See also

Pierce Butler Route [16] in Saint Paul, Minnesota, is named in honor of Butler.

40.5 cubic feet (1.15 m3) of his and his family's collected papers are with the Minnesota Historical Society.[14][15] Other papers are collected elsewhere.[15]

Justice Butler was one of 13 Catholic justices – out of 112 total in the history of the Supreme Court.[2] [upper-alpha 1]

Butler died in Washington, DC, at the age of 73 while still on the court. He is buried in the Calvary Cemetery in St. Paul.[12][13]

Funeral of Justice Pierce Butler, members of the Supreme Court flanking, following high requiem mass at St. Matthew's Cathedral

Death and legacy

Another consequential dissent was from the opinion expressed in Olmstead v. United States which upheld federal wiretapping.[7] He took an expansive view of 4th Amendment protections.[6]

In Buck v. Bell, Butler was the only Justice who dissented from Justice Oliver Wendell Holmes, Jr.'s opinion holding that the forced sterilization of an allegedly "feeble-minded" woman in Virginia was constitutional.[9] Holmes believed that Butler's religion influenced his thinking in Buck, remarking that "Butler knows this is good law, I wonder whether he will have the courage to vote with us in spite of his religion.".[10] Although Butler dissented in both Buck and Palko, he did not write a dissenting opinion in either case;[11] the practice of a Justice's noting a dissent without opinion was much more common then than it would be in the later 20th and early 21st centuries.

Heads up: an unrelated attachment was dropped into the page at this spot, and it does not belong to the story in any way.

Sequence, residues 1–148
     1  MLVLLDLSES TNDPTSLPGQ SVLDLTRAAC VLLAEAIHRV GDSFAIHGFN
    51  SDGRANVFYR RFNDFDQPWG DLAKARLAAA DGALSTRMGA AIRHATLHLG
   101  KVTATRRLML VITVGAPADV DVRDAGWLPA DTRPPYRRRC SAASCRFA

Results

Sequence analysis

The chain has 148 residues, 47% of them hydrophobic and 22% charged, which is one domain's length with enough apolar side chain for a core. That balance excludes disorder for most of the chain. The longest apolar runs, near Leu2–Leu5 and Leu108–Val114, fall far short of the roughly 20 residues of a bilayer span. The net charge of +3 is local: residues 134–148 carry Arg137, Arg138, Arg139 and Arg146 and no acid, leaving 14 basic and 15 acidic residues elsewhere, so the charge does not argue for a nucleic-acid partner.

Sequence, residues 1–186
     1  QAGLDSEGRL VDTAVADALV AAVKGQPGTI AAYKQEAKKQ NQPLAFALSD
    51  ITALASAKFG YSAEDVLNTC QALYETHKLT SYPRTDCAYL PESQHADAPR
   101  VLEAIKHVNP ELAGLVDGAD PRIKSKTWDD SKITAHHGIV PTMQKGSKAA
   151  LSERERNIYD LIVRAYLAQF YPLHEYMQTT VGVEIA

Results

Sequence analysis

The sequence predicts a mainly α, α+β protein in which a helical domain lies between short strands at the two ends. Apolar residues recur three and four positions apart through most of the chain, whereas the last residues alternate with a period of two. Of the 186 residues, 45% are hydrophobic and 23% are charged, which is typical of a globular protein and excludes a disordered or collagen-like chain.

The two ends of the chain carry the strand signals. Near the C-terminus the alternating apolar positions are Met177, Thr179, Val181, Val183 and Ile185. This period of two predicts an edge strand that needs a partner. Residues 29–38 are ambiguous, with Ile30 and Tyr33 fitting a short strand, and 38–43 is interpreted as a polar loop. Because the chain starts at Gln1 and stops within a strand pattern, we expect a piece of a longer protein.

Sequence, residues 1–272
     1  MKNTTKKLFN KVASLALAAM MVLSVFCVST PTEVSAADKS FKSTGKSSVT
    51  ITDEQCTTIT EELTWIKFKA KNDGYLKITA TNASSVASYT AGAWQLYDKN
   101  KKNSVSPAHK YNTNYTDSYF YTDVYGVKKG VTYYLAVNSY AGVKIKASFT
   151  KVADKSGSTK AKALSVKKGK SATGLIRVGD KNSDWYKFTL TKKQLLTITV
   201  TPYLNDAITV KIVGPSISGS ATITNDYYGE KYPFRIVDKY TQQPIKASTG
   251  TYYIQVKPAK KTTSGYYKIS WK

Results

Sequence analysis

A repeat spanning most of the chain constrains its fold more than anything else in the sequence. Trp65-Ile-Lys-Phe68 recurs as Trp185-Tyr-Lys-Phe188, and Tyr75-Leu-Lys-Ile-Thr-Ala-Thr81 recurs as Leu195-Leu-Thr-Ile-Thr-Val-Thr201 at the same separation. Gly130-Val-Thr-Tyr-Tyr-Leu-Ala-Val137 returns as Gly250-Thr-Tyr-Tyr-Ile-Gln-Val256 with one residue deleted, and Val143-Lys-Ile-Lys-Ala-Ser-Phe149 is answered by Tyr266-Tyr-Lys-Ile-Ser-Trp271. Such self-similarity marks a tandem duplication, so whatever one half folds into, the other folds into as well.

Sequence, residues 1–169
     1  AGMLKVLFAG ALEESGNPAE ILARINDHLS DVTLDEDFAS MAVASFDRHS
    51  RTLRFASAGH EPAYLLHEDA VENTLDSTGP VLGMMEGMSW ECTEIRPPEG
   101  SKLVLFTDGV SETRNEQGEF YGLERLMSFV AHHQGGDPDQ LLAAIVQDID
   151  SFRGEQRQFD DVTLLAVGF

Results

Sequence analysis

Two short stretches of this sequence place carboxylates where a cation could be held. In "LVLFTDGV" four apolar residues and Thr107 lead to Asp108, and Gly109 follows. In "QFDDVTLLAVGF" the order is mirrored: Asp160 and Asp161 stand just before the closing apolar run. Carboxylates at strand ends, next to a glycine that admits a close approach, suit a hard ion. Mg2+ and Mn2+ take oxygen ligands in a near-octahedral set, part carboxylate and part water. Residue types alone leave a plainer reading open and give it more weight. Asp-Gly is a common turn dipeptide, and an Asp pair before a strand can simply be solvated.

He sided with the majority in Pierce v. Society of Sisters, holding unconstitutional an Oregon state law which prohibited parents from sending their children to private or religious schools.[7]

In Palko v. Connecticut, Butler was the lone dissenter on the court; the rest of the justices believed that a state was not restrained from trying a man a second time for the same crime. Butler believed this violated the Fourteenth Amendment to the United States Constitution.

He wrote the majority opinion (6-3) in United States v. Schwimmer, in which the Hungarian immigrant's application for citizenship was denied because of her candid refusal to take an oath to "take up arms" for her adopted country.

As an Associate Justice, Butler vigorously opposed regulation of business and the implementation of welfare programs by the federal government (as unconstitutional). During the Willis Van Devanter.[4][7] As a conservative commentator noted, Butler did not give up his seat willingly — other justices may have been forced out — but he had to be carried out of office.[8]

Justice Pierce Butler

Court service